Tesla just introduced a way for customers to subscribe to its premium driver assistance package for $199 a month, rather than paying $10,000 up front.
Marketed as Full Self-Driving capability (or FSD), the driver assistance system does not make Tesla’s electric vehicles safe for use without an attentive driver behind the wheel.
“Full Self-Driving capability is now available as a monthly subscription. Upgrade your Model Y … for $199 (excluding taxes) to experience features like Navigate on Autopilot, Auto Lane Change, Auto Park, Summon and Traffic Light and Stop Sign Control. The currently enabled features require active driver supervision and do not make the vehicle autonomous.”
While this person’s Tesla Model Y possessed all components needed to start a FSD subscription, other owners lamented that they would have to pay $1,500 to upgrade their Tesla’s computer to the Hardware 3, or HW3, version the company first showed off at its Autonomy Day event in April 2019 in order to subscribe.
Customers who previously bought Tesla’s Enhanced Autopilot package, which it is not selling any longer, can subscribe to FSD for a lower price of $99 a month but may require the HW3 upgrade.
In a subscription agreement on Tesla’s website, Elon Musk’s electric vehicle maker cautions that, among other things:
- FSD features are “subject to change, limited by region,” and can only be used on Tesla vehicles that have newer hardware and Autopilot technology installed.
- Drivers are responsible for tolls, parking or other traffic violations that happen in a Tesla that’s operating with FSD features engaged.
- Tesla can increase the price for a subscription any time, but will give drivers a one-month advance notice before billing them at a new rate.
- Owners can cancel FSD any time but the company won’t prorate their monthly payment if they do.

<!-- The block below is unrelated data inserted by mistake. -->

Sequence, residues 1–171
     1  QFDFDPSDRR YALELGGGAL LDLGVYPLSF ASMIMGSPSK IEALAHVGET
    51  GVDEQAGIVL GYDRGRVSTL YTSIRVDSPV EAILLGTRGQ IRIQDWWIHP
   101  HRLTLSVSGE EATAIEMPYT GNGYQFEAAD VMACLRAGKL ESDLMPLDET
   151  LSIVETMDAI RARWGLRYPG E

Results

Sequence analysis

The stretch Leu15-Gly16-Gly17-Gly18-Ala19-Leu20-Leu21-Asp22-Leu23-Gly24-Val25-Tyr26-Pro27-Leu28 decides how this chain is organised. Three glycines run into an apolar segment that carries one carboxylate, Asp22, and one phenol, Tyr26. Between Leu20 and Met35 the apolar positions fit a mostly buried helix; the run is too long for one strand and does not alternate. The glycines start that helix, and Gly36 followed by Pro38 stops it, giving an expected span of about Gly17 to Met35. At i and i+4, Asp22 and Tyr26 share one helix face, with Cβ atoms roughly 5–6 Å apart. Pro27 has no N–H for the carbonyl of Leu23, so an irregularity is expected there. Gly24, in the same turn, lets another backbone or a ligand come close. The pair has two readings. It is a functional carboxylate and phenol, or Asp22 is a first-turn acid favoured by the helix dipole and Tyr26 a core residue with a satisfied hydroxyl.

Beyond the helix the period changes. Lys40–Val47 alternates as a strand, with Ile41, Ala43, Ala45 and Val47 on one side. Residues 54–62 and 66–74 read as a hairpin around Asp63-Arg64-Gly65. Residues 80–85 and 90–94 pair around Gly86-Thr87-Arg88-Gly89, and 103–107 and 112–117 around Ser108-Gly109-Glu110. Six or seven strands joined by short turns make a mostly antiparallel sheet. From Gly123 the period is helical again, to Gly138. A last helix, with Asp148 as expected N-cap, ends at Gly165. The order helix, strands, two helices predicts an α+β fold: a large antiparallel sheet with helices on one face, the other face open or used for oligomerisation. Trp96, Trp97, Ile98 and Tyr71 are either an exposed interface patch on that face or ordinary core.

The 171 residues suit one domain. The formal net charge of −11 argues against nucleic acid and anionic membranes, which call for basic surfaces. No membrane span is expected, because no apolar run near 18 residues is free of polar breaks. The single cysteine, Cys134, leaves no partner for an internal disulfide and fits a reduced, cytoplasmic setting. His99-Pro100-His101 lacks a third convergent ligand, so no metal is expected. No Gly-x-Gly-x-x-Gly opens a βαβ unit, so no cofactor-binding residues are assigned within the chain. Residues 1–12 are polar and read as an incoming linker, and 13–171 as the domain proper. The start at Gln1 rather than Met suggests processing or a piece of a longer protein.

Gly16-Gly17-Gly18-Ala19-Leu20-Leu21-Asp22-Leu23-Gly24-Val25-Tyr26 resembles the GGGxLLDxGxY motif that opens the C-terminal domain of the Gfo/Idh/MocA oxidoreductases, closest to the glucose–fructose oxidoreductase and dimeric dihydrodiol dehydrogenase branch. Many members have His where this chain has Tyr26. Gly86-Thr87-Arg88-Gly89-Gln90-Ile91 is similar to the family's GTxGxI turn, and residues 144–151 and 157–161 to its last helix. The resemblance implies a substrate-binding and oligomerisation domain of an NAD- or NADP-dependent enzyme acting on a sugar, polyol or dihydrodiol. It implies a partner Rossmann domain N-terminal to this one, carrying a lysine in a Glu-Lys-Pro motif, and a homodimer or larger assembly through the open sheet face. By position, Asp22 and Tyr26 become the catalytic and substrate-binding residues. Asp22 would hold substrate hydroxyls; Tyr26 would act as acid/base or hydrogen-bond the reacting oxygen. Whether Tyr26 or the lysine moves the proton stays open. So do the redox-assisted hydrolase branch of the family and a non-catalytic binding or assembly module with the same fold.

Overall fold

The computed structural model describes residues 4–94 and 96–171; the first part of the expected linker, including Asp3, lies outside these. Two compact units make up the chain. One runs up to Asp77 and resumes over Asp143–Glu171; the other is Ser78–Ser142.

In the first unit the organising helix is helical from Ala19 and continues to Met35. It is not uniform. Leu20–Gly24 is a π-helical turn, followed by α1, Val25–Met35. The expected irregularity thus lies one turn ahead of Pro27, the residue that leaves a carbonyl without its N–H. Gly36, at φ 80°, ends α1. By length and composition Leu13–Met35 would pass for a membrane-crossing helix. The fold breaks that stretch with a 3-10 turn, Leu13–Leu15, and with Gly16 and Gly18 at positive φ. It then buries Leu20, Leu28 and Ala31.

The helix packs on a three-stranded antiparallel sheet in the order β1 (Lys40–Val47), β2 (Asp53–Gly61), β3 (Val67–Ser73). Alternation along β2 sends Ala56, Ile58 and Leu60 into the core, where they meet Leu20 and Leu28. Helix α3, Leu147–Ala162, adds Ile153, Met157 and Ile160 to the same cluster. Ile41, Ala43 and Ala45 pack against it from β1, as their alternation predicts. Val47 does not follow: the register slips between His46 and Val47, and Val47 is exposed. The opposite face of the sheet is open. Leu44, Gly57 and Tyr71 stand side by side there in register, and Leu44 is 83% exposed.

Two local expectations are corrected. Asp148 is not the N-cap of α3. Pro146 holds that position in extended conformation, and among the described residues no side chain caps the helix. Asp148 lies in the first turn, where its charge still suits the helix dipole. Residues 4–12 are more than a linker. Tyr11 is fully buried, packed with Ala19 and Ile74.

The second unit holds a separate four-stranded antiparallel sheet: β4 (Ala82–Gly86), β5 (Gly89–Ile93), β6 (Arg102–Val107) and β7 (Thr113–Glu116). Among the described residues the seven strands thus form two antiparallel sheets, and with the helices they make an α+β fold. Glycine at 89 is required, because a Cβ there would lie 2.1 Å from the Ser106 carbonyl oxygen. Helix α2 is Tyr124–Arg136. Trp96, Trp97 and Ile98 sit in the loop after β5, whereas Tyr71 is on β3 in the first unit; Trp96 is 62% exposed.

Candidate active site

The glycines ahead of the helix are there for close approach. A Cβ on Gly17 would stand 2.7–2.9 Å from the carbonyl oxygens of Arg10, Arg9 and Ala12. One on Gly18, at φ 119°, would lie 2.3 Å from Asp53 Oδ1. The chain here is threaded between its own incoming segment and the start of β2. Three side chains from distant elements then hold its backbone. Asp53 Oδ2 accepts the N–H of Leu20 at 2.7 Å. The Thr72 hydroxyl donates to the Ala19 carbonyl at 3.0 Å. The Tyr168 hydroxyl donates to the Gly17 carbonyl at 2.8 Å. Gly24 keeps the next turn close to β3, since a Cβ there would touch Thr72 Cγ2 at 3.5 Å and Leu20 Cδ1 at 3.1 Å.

- Tesla can suspend or cancel a driver’s FSD subscription if they use the technology, “for anything unauthorized or inappropriate” or for non-payment.
All newer Teslas include a standard set of driver assistance features dubbed Autopilot. The Autopilot or standard features enable a Tesla to “steer, accelerate and brake automatically within its lane,” according to Tesla’s website.
The premium FSD package enables more elaborate features like Smart Summon, which lets a driver call their Tesla to come pick them up from across a parking lot or down a long driveway using the Tesla mobile app like a remote control.
Tesla has also been promising that a feature called “Autosteer on city streets” is coming soon to drivers with FSD. But the company is far behind its original and even revised goals for delivering a sophisticated “robotaxi.”
Musk promised a hands-free, cross country Tesla driverless demo in 2017. His company has yet to complete that mission. In 2019, Musk predicted that Tesla would be making autonomous robotaxis in 2020, and cars without steering wheels or pedals in 2021.
On a first-quarter earnings call, Tesla CFO Zachary Kirkhorn said, “If you look at the size of our fleet and you look at the number of customers who did not purchase FSD up front or on a lease and maybe want to experiment with FSD, this is a great option for them.” He added, “As the portfolio of subscription customers builds up, then that becomes a pretty strong business for us over time.”
To refine unfinished driver assistance features, Tesla gives some owners early access to a beta version of FSD — effectively turning thousands of everyday drivers into software testers on public roads in the U.S.
Tesla did not immediately respond to a request for further information, including whether FSD subscribers will be eligible to participate in the FSD Beta program.
In recent months, as CNBC previously reported, Tesla has also been telling regulators at the California DMV and NHTSA that its FSD, and FSD Beta technology amounts to a “level 2” system — a reference to vehicle automation categories written by a professional association for engineers, SAE International.
According to the SAE’s standards, last updated in May 2021, drivers of a level 2 vehicle are expected to “constantly supervise” it, including by steering, braking or accelerating “as needed to maintain safety.” Level 2 vehicles have features like automated lane centering that works in conjunction with adaptive cruise control. By contrast, a level 4 vehicle may not need a steering wheel or pedals and can operate as a local, driverless taxi in limited conditions like fair weather.
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